Weekly Reads
Weekly Reads - December 26, 2022

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Christmas week brought great joy to Meta who saw their Oculus Quest App climb to the tops of the Apple App Store and Google Play Store for the first time ever on Christmas day. During the week of Christmas in the U.S, Oculus app downloads jumped 517% week-over-week reaching 1.5 million installs. Even the week after Christmas downloads were still 42% higher than 2021 indicating that the Quest 2 sold extremely well. The Quest 2 launched in 2020 and as of November 2021 sold 10 million lifetime units. The Quest 2 sells for the reasonable price of $299 making it an entry level product most users can afford. The Quest App works with the Quest 2 and Meta’s legacy products (Rift & Rift S) and allows users to download new VR apps and games and find friends to connect with in VR. Despite a tough year for the Metaverse it seems that user adoption of VR continues to grow as Meta continues to launch better and more affordable products. 


The Federal Trade Commission (FTC) is ordering Mastercard to stop forcing merchants to routing debit card payments through its own payment network. The FTC wants Mastercard to start providing competing networks with customer account information they need to process debit payments. The FTC alleges that Mastercard has used a process called “tokenization” to block the use of competing networks. Tokenization involves the process of replacing the card holders account number with a different number to protect the user’s account information making card transactions more secure. To be able to intake transactions that use tokens an alternative payment network must have access to the primary account information (the actual card number). According to the FTC, Mastercard has hidden this information in its proprietary token vault preventing alternative payment networks from being able to service these transactions. This FTC ruling could pressure Mastercard’s debit volumes, but will likely not make a material difference to revenue and profits since a majority of the business is driven by credit card volumes.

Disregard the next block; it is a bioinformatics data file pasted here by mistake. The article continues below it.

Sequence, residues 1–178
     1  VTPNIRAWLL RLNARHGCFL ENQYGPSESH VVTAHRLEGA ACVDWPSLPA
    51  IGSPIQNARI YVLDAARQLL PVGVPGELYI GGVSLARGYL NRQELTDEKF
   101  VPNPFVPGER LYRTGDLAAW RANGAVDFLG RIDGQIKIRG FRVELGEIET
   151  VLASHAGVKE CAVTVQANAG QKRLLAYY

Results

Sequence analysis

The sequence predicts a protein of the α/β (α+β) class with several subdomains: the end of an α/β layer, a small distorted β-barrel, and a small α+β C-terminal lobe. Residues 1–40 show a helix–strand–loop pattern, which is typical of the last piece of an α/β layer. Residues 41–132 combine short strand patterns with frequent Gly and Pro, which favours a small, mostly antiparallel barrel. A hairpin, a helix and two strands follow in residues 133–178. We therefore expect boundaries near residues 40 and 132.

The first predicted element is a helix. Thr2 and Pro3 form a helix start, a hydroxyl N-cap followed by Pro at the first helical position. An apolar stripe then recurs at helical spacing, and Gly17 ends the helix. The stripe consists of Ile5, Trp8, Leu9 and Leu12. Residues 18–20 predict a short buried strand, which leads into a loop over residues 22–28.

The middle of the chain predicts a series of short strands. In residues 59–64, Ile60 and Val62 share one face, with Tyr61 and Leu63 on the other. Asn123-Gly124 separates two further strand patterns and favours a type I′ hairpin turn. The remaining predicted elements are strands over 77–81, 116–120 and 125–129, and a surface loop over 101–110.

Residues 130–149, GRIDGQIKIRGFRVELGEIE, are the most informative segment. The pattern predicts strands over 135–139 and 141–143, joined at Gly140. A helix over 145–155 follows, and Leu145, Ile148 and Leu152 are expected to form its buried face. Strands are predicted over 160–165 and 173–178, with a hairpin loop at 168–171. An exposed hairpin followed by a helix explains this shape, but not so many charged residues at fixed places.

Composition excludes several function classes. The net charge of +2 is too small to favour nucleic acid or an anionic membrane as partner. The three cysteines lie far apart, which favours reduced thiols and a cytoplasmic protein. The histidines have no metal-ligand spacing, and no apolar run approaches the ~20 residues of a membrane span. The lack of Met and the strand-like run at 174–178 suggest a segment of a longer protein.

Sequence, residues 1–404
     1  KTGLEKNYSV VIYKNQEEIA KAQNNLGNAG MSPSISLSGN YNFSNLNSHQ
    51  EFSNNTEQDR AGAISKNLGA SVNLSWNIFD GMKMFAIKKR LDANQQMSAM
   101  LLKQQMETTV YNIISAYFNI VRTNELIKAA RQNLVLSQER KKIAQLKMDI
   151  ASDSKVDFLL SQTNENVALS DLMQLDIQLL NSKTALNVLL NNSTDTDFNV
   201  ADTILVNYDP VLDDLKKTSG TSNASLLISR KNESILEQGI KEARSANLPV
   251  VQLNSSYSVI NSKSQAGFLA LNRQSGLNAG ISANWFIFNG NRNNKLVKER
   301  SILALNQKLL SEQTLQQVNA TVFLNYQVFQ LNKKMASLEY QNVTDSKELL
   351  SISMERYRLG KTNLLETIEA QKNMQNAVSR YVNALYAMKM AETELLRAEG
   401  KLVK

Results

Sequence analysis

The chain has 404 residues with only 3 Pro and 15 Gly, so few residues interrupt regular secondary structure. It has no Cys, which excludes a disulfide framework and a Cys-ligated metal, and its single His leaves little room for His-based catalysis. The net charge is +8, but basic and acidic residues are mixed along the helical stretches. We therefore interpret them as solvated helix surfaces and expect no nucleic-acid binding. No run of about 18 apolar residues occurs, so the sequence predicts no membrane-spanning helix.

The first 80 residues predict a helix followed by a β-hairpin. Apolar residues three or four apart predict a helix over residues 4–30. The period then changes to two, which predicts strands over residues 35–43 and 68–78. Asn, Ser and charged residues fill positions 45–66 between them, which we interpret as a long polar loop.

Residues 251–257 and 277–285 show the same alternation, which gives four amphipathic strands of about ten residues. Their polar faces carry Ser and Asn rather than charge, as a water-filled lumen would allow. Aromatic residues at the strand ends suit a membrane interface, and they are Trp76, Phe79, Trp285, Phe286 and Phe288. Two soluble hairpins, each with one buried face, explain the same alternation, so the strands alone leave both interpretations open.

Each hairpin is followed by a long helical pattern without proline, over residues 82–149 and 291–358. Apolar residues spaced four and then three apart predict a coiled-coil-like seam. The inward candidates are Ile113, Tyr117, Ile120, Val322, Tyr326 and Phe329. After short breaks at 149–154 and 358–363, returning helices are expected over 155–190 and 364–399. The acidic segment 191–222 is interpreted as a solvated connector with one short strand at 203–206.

The NFL Sunday Ticket is changing hands from DirecTV to YouTube. The NFL Sunday Ticket makes out-of-market games available to subscribers across the nation and is a staple in many football watching households across the U.S. YouTube is reportedly paying $2.5 billion annually to acquire the rights to the Sunday Ticket, $1 billion more than former holder DirecTV. This is likely a massive overpay for a service that is a probable loss leader that will be an add-on to YouTube’s YouTube TV service. Even if all of YouTube TV’s subscribers pay $400 a year for Sunday Ticket it will be barely enough to cover the cost of the package. DirecTV hasn’t made a single dollar of profit when they held the Sunday Ticket despite only paying $1.5 billion for the service and selling the Sunday Ticker for $300 a year. It is likely that Alphabet understands that the Sunday Ticket is a forever lost leader but sees value coming from the number of new subscribers it can attract and improvement in user retention.